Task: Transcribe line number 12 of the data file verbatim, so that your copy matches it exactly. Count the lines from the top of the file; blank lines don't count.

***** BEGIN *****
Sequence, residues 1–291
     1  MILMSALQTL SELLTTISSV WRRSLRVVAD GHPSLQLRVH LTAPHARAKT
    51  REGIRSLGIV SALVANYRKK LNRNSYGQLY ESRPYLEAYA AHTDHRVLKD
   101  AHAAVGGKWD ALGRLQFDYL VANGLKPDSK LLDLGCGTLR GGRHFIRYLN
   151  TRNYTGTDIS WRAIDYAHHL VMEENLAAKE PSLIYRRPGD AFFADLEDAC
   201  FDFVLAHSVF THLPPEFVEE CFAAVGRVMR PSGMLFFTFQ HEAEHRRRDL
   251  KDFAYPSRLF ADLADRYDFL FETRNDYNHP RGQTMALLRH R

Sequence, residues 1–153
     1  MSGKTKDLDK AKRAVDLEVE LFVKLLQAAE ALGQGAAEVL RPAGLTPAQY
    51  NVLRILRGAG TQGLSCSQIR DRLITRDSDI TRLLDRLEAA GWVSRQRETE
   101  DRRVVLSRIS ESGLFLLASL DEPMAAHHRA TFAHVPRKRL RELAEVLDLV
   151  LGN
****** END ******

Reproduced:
   151  LGN